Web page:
I’m CW44’s Media Critic, 44 on the Town Co-Host and one of the top Pop Culture nerds in Tampa Bay. I help make the decision whether to see it or skip it when it comes to movies. Voted runner up in Creative Loafing’s Best of the Bay 2015 for Best Local Blogger.Watch Entertainment Now with T.M. Powell sponsored by Emerald City Comics Sunday Mornings at 11 on 44 on the Town. Follow me on Twitter @tmpowellCW44 and become a fan on Facebook. —T.M. Powell/ CW44-WTOG Tampa Bay
Don’t Breathe maybe unbelievable at times, but one thing is for certain. You’ll be on the edge of your seat watching this throwback horror thriller play out with Stephen Lang’s blind man becoming a new face of fear.
Director Jonathan Jakubowicz keeps Hands of Stone authentic so be prepared for subtitles, but the turmoil and theatrics will keep your eyes glued to the screen as Edgar Ramirez, Robert De Niro and Usher Raymond supply first-rate interpretations as the combatants at the center of this paint by the numbers boxing biopic.
2016’s Ben-Hur is the poster child for the “Don’t mess with the classics” crowd when it comes to movie remakes.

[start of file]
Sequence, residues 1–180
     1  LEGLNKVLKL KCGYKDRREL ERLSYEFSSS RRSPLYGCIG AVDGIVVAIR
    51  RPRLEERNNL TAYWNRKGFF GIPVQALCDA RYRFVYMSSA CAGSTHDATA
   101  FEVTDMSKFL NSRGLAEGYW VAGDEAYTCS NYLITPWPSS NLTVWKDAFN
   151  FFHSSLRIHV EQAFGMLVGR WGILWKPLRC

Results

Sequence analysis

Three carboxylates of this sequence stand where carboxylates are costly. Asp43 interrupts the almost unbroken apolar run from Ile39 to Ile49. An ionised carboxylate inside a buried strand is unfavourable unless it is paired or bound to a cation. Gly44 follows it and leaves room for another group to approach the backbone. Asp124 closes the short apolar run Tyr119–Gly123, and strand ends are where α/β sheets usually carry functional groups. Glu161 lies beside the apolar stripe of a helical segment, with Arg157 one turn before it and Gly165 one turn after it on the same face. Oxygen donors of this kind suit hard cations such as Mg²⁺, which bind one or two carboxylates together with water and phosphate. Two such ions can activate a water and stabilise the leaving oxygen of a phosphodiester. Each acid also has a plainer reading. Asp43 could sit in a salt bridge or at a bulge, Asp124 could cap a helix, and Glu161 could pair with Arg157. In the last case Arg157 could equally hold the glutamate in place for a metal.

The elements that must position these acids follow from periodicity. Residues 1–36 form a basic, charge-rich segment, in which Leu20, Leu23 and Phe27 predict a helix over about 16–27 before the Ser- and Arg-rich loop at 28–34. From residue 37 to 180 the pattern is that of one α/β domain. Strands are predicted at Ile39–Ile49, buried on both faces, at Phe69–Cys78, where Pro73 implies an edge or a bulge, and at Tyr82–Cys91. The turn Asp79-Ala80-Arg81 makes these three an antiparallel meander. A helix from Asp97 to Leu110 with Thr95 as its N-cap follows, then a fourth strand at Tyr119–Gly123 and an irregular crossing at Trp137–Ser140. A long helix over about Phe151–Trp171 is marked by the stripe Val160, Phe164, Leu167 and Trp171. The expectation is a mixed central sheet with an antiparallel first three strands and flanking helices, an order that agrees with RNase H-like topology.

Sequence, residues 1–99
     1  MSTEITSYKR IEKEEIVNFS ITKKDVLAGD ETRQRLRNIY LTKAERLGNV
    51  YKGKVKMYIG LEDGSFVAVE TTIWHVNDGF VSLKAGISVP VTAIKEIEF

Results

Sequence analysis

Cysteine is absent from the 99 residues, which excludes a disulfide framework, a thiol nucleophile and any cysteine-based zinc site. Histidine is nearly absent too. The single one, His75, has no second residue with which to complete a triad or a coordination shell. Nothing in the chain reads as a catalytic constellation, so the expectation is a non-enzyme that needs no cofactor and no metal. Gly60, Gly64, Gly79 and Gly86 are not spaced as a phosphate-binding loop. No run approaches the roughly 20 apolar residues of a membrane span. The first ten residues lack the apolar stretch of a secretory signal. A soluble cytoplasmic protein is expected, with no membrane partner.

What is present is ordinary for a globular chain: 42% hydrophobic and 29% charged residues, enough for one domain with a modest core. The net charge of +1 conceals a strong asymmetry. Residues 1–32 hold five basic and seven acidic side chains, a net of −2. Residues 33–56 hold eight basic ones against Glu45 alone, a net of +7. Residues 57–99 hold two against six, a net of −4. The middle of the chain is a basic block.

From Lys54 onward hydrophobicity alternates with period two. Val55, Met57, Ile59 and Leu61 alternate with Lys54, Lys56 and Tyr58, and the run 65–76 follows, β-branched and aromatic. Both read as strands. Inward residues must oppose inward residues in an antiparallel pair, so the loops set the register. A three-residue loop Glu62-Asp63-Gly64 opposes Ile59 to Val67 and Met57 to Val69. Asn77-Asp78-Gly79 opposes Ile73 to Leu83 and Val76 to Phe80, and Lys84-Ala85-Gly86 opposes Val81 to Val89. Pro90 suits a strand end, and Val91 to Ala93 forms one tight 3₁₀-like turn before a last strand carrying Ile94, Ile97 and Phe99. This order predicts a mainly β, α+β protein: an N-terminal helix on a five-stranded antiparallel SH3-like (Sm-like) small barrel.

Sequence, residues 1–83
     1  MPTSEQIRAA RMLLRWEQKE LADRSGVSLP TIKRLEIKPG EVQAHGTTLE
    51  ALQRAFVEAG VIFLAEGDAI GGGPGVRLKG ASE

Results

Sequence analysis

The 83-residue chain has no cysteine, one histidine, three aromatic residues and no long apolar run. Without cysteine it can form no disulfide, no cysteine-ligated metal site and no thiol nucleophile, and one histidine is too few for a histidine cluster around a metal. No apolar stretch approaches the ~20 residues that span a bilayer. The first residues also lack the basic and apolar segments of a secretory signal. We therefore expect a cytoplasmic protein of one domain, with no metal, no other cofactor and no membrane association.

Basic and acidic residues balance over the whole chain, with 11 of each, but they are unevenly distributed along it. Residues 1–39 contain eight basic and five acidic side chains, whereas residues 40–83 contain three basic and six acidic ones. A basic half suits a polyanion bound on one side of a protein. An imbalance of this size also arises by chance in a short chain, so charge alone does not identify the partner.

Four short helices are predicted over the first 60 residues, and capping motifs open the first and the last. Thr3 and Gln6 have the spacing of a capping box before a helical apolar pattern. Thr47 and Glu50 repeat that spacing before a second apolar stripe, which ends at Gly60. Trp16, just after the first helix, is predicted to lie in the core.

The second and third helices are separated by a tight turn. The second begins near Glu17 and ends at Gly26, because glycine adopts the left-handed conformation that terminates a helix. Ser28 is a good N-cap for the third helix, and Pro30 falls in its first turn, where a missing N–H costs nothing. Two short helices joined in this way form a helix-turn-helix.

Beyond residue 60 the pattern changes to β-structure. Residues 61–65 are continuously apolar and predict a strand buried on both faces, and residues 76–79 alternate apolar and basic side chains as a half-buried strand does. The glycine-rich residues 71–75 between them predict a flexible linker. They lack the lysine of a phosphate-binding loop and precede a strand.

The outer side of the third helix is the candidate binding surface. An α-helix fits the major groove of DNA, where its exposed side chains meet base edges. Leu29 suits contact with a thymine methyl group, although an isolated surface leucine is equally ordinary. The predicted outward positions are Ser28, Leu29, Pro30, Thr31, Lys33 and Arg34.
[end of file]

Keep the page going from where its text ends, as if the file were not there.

From the snowflake on a monkey’s whisker to the battle scenes with some of the best choreographed fights on-screen this year, Kubo and the Two Strings is a wonder to watch.
Don’t Think Twice is a serious examination of the life of Improv performers and the grim reality that you can chase a dream, but that doesn’t mean you’re going to catch it.
Hell or High Water is not a stick up a minute crime tale, but a realistic and even sometimes relatable throwback western noir full of solid acting, heart pounding action and a pace that will have you appreciating the downtime contemplating our players actions as you gaze upon the eerily beautiful tumble weed back roads of West Texas.
The strong acting from Hill and Teller in War Dogs help Phillips gain success stepping out of his comfort zone as a director.
Streep shows again in Florence Foster Jenkins she can take an average movie and make it an endearing good time with her unmatched acting skills.
Newcomer David Lowery takes full advantage of the large room for improvement as both writer and director of this remake set in the Pacific Northwest in 1982.
Warner Bros., DC Comics, David Ayer and the rest of the crew of Suicide Squad should be patted on the back and told “Not too bad” after the mess that was Batman V Superman. As long as after the mild congrats, someone whispers in their ears and says “I know you can do better”.